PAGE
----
European Ryder Cup captain Thomas Bjorn won’t find words that will motivate the Euros more than that as he watches his prospective players jockey to make the team.

    And, boy, did they jockey last weekend.

    The Euros dominated across the planet, not that they did it with the Ryder Cup as some rallying cry, because they didn’t. But it was a heck of an encouraging start to the year for Bjorn to witness.

    Spain’s Jon Rahm won the CareerBuilder Challenge on the PGA Tour, England’s Tommy Fleetwood started the week at Abu Dhabi paired with American and world No. 1 Dustin Johnson and won the European Tour event, and Spain’s Sergio Garcia won the Singapore Open in a rout on the Asian Tour.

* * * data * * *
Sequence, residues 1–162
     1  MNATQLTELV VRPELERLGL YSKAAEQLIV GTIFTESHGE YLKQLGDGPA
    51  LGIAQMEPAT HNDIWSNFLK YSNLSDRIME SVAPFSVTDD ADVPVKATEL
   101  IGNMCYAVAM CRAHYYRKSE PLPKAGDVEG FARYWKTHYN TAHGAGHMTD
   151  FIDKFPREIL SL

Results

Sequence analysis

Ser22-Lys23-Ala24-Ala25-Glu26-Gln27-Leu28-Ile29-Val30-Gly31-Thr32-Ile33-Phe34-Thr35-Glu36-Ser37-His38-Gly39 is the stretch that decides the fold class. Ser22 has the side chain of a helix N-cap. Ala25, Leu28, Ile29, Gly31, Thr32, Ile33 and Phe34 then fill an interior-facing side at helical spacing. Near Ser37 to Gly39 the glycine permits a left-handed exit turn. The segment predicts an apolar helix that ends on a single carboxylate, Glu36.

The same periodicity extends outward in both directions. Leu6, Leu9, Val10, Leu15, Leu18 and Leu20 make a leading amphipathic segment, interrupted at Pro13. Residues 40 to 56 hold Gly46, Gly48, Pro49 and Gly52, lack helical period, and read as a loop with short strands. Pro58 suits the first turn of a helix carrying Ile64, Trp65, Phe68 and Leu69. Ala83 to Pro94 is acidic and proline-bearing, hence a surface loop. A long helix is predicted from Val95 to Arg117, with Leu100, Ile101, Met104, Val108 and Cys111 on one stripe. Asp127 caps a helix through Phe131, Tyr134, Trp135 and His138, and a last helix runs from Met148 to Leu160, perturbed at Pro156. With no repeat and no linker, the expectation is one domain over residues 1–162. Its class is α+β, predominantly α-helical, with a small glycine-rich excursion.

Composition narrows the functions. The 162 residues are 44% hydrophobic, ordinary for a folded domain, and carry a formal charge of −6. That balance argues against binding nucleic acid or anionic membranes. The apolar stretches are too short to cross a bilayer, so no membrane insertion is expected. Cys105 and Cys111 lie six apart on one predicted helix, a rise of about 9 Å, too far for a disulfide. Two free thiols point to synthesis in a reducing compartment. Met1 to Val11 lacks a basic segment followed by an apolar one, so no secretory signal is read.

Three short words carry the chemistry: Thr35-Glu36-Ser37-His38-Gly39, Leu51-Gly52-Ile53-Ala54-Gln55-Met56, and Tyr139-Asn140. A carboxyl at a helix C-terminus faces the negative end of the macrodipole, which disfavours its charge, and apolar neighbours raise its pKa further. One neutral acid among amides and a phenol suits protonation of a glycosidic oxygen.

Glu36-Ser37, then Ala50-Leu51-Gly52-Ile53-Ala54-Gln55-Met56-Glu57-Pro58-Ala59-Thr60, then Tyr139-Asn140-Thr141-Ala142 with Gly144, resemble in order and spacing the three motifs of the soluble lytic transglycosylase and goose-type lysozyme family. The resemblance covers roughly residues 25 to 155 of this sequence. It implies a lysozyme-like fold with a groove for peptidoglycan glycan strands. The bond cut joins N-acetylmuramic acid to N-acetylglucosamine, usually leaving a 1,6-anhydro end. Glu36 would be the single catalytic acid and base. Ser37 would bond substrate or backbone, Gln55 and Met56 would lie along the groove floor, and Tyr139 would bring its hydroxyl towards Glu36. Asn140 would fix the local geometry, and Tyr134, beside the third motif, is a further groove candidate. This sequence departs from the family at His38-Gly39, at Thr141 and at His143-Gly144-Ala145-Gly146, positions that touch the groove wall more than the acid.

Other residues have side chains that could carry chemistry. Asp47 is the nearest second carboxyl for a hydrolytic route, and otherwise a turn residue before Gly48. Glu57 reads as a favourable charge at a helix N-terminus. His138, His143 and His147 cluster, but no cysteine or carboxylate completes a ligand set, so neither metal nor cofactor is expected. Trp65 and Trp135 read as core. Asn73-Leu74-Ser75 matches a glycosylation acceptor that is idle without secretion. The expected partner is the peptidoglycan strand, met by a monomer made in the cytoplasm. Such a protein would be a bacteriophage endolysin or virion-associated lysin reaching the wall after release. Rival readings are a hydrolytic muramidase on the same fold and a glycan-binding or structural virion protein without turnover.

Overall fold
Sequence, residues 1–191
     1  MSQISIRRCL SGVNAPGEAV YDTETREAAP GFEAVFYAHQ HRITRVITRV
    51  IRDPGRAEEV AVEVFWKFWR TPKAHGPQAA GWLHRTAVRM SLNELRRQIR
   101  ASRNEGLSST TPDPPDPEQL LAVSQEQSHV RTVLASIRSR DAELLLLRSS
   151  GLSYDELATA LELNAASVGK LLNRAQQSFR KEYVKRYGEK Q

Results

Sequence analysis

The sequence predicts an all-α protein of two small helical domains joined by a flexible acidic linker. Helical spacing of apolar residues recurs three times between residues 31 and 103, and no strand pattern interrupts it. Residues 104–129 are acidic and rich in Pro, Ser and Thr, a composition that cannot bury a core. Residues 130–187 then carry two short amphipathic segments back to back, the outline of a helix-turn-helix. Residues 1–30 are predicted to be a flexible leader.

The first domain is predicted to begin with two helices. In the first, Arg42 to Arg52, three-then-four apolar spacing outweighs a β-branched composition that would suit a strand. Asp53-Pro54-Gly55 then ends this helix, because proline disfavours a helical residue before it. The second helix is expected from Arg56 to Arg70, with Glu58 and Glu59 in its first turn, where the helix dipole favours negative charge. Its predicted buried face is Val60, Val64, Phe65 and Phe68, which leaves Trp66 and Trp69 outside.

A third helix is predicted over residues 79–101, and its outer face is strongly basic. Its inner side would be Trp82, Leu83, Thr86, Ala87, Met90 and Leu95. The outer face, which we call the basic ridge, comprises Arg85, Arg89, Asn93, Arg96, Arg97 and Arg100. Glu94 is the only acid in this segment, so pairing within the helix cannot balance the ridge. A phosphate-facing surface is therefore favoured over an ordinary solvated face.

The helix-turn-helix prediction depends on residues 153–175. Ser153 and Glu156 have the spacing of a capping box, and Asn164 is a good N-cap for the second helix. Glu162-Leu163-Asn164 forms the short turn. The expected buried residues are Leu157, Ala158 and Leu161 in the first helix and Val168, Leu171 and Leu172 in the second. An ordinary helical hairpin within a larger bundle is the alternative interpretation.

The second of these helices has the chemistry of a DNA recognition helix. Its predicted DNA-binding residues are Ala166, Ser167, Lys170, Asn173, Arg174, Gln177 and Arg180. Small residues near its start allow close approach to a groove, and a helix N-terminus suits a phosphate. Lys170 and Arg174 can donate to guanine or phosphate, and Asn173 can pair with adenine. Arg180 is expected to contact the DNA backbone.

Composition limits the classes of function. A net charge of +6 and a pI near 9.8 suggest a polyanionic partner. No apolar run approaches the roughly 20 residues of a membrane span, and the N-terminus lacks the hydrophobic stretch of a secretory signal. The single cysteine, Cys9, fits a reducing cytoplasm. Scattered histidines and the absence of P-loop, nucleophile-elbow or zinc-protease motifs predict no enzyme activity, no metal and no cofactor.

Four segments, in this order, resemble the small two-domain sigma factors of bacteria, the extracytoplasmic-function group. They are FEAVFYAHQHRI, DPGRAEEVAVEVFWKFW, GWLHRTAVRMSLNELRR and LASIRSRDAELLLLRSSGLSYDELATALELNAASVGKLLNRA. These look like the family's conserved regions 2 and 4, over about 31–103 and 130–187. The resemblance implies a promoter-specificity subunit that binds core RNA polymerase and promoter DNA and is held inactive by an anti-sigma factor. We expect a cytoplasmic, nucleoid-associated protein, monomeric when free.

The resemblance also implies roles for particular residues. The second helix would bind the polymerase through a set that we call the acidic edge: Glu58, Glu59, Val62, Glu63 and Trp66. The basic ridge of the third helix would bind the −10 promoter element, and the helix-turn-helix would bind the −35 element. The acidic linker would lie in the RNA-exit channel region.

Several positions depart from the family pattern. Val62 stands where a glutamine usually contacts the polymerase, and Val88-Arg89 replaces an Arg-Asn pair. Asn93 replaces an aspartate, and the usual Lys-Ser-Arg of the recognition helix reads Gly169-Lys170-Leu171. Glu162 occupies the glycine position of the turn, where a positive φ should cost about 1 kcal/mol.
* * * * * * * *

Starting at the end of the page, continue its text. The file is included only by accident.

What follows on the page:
And McIlroy looked close to being in midseason form, tying for third in his first start in three months.

    Yes, it’s only January, and the Ryder Cup is still a long way off, with so much still to unfold, but you got an early sense from McIlroy how much defending European turf will mean to him and the Euros in Paris in September.

    The Masters is great theater, the U.S. Open a rigorous test, The Open and the PGA Championship historically important, too, but the Ryder Cup touches a nerve none of those do.

    The Ryder Cup stokes more fervor, provokes more passion and incites more vitriol than any other event in golf.

    More bulletin board material, too.

    Yeah, it’s a long way off, but you can already hear the Ryder Cup’s King Kong like footsteps in its distant approach. Watching how the American and European teams come together will be an ongoing drama through spring and summer.